As an OKRs Coach, I regularly emphasize the essential role of learning – about what the results tell us and how we can use that information to improve our performance in the future. Most people nod encouragingly, but there are inevitably a few eye rolls from the more alpha types in the room who I’m confident are saying to themselves, “Learning is great, sure, but I want to hit my numbers every time!”
There is nothing wrong with a desire to excel and achieve breakthrough performance, in fact promoting visionary thinking is one of the primary attributes and benefits of OKRs. But how we frame the language of that journey matters – a lot.
Or… Cooking the Books?
Let me share with you a research study that illustrates the point. In the experiment, 231 university students were given three rounds of anagrams to solve. An anagram is a word or phrase created by rearranging the letters of another word. For example, ‘listen’ can be reorganized as ‘silent’. In the final round of the challenge the participants were not required to show their solutions to researchers, but merely had to check a box next to each anagram they had unscrambled. One group of students was told that the task was intended to evaluate their performance, a so-called “outcome” goal. Another group was informed that the purpose of the task was to develop their skills, a “learning” goal. The results were illuminating: 61% of those with an outcome goal inflated their results, versus 44% of those with a learning goal. The researchers suggest this result stems from the fact that outcome goals stimulate a prevention focus – people are so concerned with preventing a negative consequence that they will go to extremes to avoid falling short.
In her practical and informative book, “Succeed,” author Heidi Grant Halvorson provides additional evidence to the power of framing. Her terminology differs slightly -rather than outcome versus learning goals she uses “get better” versus “be good” goals – but the findings are strikingly similar. People who pursue goals to get better, in other words learn rather than focus on an end outcome, consistently achieve more. What is most encouraging for those of us interested in OKRs, is that as goals become more difficult and complex, a ‘get better’ mindset seems to promote grit and perseverance which leads to a sustained effort. The opposite is true of ‘be good’ goals.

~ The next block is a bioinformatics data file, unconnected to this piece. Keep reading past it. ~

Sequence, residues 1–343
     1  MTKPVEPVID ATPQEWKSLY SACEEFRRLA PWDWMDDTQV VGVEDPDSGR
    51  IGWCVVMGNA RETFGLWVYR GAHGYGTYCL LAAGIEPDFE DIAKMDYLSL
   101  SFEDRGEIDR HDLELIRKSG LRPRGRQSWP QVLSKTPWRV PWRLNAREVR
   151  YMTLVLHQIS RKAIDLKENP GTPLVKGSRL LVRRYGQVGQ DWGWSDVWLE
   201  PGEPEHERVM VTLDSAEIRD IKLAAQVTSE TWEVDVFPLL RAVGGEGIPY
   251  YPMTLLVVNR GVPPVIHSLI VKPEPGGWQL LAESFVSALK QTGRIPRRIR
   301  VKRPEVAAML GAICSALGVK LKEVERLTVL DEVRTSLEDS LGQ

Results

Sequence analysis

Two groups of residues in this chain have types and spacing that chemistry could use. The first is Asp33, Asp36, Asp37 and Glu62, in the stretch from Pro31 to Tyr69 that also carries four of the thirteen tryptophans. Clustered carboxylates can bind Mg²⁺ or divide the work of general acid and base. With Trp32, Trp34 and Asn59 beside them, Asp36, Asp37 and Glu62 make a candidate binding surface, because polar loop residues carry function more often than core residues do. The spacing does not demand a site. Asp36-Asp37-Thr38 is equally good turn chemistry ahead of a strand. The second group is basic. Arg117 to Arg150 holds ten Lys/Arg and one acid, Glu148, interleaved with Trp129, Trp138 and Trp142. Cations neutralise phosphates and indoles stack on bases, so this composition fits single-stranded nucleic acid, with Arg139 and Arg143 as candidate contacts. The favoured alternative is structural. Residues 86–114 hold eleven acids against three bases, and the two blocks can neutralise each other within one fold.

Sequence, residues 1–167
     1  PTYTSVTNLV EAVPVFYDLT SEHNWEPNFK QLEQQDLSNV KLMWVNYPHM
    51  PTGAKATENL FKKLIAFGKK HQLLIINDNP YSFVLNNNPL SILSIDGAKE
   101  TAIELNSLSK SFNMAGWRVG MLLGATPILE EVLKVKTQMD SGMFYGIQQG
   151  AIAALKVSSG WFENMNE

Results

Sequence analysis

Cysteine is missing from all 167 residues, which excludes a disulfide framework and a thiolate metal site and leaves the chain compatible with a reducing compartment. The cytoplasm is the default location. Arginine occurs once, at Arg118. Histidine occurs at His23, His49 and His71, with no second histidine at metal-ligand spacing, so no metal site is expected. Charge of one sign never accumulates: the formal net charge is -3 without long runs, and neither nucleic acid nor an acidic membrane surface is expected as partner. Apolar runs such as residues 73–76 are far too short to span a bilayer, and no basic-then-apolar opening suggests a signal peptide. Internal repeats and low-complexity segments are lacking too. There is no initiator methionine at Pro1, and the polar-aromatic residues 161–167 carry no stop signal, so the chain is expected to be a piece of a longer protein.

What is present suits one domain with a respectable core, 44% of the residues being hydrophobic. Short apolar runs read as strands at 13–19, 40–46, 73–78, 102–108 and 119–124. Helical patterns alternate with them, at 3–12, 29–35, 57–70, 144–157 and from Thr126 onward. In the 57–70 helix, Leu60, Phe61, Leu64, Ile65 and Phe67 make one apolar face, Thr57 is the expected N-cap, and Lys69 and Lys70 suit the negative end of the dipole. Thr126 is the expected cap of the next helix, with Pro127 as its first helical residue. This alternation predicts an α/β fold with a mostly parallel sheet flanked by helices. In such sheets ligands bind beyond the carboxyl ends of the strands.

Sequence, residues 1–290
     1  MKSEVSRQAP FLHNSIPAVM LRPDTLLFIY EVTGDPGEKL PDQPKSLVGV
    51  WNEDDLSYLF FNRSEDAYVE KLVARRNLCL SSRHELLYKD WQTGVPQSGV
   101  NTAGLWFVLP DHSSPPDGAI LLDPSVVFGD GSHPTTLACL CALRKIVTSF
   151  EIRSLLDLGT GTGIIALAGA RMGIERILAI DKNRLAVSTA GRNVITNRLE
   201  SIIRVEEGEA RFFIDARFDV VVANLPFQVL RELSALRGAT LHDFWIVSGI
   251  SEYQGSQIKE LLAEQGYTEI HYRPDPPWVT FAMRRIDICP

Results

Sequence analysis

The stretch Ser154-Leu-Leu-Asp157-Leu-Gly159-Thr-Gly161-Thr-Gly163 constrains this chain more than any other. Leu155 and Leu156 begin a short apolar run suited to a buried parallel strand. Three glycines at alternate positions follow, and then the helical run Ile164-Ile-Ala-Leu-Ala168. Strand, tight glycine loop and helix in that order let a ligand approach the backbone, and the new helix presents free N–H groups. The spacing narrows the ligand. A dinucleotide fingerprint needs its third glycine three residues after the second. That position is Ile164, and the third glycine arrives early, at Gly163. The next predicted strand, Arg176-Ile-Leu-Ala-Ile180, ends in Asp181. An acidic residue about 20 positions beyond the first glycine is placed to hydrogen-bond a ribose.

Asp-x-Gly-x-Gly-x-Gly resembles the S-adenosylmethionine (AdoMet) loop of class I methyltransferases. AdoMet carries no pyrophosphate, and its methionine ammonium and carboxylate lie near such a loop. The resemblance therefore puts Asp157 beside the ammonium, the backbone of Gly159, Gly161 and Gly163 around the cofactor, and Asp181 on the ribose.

A Personal Learning Experience
I’ve seen this manifested in my own life. Recently I became interested in performance driving. I joined a local club and regularly participate in autocross events. An autocross is a timed competition in which drivers navigate a defined course, typically consisting of a number of tight turns and short straights. At first my goal was purely “be good” in nature. I wanted to be among the best drivers and set my sights on finishing within three seconds of the day’s top time. Unfortunately, my obsession with time did little to help me and left me frustrated after each event; I consistently ranked mid-pack or below, always more than three seconds behind the leaders. Finally, I was able to change my approach to a focus on ‘getting better.’ That led to a greater emphasis on learning from what the data was telling me and a realization that, despite setbacks, I could continue to get better over time. That’s when my times began to improve.
When launching an OKRs program be sure to follow this tested advice. Stress to everyone in your organization that OKRs are a proven tool to boost performance, but only if you use them as intended – to never stop learning.
Paul Niven is author of Objectives and Key Results, Driving Focus, Alignment and Engagement with OKR, and the president of OKRsTraining.com.
Reference: “How to Set Goals that Lessen the Temptation to Cheat,” Harvard Business Review, September-October 2019.